China’s success in hi-fi is emblemic of the creativity bubbling here. Unlike the factories that came up in the aftermath of Deng Xiaoping’s 1978 reforms with government backing, the hi-fi industry’s success is a grassroots phenomenon. As Yu Jian Bing, who owns Chinese amplifier manufacturer Classic Audio, puts it, a bunch of local audio buffs used to tinker around, and as they got more sophisticated and China’s electronics capabilities improved, they came up with their own products. “Nothing was planned,” Yu says. “It just happened.”

    With the Chinese government now pushing local companies to innovate and climb up the value chain, the local hi-fi industry has become a poster boy for how companies can make the transition from smokestacks to sensors. Over the past two years, a range of Chinese boutique hi-fi manufacturers have surprised the audio world by unveiling several fine sounding products. For example, the SCD-T200 valve CD player from Shenzhen-based Shanling Digital Technology Development has impressed audiophiles so much that it sells for about $2,000 in the US and Europe, in direct competition to coveted brands such as Meridian and Linn Sondek. Also fast gaining audiophiles’ respect are Chinese companies such as Zhuhai Spark Electronic Equipment, which makes the award-winning Cayin brand of valve amplifiers, Shandong-based Jinlang Audio, which makes the Aurum Cantus brand of ribbon tweeter speakers, and Zhongshan Shengya Audio, which makes the Vincent brand of amplifiers and CD players.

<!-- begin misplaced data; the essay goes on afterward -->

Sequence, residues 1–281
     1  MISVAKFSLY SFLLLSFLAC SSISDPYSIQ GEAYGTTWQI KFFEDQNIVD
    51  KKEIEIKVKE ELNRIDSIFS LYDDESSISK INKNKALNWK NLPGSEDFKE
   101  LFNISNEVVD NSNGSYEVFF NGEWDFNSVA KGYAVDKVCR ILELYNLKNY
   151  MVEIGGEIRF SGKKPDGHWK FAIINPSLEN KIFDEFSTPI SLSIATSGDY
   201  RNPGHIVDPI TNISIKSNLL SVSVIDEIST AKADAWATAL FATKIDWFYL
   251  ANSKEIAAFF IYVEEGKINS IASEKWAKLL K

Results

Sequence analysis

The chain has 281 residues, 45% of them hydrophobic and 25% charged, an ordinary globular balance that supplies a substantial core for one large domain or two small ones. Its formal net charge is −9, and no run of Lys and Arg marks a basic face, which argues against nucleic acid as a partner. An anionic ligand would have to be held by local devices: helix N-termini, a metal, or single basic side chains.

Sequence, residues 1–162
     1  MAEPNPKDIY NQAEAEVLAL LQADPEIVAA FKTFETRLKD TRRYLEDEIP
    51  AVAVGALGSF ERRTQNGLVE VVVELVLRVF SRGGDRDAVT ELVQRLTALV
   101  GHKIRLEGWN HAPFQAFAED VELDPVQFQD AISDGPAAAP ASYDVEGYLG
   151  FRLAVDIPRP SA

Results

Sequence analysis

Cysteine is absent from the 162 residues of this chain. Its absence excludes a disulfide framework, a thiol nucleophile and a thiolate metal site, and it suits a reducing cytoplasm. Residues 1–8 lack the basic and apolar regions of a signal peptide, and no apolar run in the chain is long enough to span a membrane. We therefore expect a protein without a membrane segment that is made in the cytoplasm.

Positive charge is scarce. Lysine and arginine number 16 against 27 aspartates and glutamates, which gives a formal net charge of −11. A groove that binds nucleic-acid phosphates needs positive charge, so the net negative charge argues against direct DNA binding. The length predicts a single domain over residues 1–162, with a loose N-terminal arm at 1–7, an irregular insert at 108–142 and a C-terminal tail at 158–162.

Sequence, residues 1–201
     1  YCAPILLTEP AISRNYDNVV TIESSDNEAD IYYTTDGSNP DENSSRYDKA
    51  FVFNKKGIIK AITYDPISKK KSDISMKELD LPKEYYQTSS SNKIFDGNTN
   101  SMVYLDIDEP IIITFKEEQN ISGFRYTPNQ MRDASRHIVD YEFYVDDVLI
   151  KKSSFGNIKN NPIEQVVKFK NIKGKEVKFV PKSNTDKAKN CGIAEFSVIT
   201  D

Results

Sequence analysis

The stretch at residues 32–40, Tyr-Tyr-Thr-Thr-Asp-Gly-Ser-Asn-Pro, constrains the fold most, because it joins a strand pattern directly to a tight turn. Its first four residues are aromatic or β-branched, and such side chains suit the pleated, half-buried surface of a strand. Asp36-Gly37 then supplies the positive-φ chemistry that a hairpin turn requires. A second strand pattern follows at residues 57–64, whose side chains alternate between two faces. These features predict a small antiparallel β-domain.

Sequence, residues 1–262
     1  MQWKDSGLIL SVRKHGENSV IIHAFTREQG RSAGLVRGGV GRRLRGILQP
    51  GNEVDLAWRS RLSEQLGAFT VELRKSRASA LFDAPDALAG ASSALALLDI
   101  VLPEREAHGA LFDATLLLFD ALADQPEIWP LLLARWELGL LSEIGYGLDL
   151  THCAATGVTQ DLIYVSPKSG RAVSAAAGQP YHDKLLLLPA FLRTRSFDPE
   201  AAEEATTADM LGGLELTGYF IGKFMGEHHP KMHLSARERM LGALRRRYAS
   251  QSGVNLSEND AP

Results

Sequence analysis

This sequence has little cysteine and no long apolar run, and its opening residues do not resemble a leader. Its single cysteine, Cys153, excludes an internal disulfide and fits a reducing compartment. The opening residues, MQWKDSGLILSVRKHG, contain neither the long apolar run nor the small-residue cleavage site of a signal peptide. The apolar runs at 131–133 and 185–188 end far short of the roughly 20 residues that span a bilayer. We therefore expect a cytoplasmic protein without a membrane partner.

At a recent audio show in Beijing, locals and expats flocked to rooms where exhibitors were demonstrating their products. Foreign brands such as Dali, Martin Logan and Onkyo had the biggest spaces, and a range of products, each supported by glossy brochures. But it was hard to ignore the elegant musicality of some of the Chinese products showcased in smaller rooms, where visitors were handed photocopied technical specification sheets. It was impossible even for discerning listeners to tell whether any given system playing was Chinese or foreign. “The Chinese stuff is getting much better,” says Lars Kristensen, a sound engineer with Nordost, who was demonstrating the company’s $10,000 cable at the show. “But it can’t compare with western firms who have been refining their products for decades. In 10 years maybe, but not now.”